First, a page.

Prague Fringe 2015
‘I just put her in a box and got on with living.’ Exhausted and penniless, a young woman returns home to finish her thesis on mummification. Expecting to find peace and clarity up in the attic, she accidently unearths musty memories, forcing her to confront her past. And her own buried Mummy. Amy Gwilliam (‘striking, vulnerable, mischievious’) returns to Prague (The Mole and the Worm, 2012) in a lonely black comedy about memory, delusion and procrastination. “A miniature epic…a powerful experience (London City Nights).
This show starts when a woman enters through a trap door in the stage floor reciting excerpts from the Tibetan Book of The Dead. Ms. Gwilliam’s character, Electra, has written a book about death rituals of different cultures and now she is a guest lecturer at the secondary school she went to herself. She specializes in Egyptian mummification and addresses the audience as if we are the assembled 16 year olds. Gently, neither condescending to us nor sailing off into technical jargon she employs visual aides such as imaginary projections, using a real remote control pointed at her real computer and referring to a black curtain as if we can see the illustrations that are not there. Her descriptions of these illustrations inform the audience about how different cultures mourn the death of a loved ones. Later, she sings a rap song composed by a teenage boy who was mourning the death of his grandmother. Electra uses audience participation when she invites two members on to the stage, one to be wrapped like a mummy and the other to do the wrapping.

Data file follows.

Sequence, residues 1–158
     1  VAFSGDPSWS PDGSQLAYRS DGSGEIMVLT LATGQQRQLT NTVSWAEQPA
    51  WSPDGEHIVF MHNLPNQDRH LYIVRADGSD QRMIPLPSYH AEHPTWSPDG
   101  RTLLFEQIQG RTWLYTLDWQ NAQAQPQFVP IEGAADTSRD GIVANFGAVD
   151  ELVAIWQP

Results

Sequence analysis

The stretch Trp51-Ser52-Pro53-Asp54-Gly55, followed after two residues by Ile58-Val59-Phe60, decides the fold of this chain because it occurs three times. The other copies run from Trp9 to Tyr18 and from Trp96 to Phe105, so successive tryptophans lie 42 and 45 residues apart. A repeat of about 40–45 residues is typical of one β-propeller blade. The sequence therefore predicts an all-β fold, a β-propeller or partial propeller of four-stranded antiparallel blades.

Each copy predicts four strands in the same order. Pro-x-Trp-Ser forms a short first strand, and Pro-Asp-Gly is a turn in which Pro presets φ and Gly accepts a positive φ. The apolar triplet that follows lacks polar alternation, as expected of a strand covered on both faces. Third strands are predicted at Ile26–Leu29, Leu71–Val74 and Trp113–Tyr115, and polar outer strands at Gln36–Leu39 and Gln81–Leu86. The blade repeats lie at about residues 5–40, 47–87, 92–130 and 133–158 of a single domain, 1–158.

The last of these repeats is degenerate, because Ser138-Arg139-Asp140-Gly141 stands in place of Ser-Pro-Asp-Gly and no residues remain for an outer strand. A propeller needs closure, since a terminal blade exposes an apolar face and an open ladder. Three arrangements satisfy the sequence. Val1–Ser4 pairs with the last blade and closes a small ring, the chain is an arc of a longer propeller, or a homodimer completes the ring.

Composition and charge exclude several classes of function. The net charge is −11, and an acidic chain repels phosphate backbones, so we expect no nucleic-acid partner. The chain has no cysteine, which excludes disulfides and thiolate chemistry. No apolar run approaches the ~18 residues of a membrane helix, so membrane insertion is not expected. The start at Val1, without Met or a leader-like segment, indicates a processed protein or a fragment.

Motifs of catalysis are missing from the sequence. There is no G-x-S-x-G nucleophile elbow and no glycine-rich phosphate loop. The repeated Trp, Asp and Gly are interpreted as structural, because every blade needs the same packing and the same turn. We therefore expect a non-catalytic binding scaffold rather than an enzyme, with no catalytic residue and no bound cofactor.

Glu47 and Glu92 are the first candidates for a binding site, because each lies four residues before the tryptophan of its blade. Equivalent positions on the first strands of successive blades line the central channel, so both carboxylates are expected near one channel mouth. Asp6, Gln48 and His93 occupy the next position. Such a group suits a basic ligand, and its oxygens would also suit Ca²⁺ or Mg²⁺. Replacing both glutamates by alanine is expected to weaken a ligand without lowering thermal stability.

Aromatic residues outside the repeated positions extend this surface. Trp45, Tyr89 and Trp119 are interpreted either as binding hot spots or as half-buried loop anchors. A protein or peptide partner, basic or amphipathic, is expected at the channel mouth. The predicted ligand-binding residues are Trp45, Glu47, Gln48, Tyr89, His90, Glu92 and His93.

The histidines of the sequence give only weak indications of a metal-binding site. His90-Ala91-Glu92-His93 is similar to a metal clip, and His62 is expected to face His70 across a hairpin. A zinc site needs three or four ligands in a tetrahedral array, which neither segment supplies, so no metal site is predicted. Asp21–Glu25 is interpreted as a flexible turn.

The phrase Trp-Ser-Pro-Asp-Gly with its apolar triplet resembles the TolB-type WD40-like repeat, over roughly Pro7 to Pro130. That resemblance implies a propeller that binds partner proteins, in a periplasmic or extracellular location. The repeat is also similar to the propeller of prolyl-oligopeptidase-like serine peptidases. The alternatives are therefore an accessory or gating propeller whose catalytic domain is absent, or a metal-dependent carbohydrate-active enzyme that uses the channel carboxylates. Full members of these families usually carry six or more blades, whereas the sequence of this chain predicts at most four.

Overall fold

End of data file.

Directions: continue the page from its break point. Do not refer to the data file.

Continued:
At first I thought I was seeing a show that was an irreverent spoof on death. As the story unfolds Electra tells of the death of her mother when she was 16 years old, how she is obsessed with death and cannot feel anything, “I didn’t cry then and I can’t cry now, I’m in a perpetual state of feirg, grief spelled backwards.”
Ms. Gwilliam’s inner life runs deep and she uses a very delicate, restrained style of expression. Her voice is pretty when she sings Que Sera, Sera; When I was a little girl I asked my mother… We next hear of many of the questions she never had time to ask her mother: Did you ever read To Kill A Mocking Bird? Did you love my father? Did you like breastfeeding? Are you there? Are you watching over me now? What would you change if you came back? What would be your ideal funeral?
What could have been a sappy, sentimental, tug-at-my-heart, manipulative show was instead a poignant journey of one woman’s coming to terms with the death of her mother. Ms. Gwilliam use of comedy, spoof and restrained style of expression made for a show that I can recommend.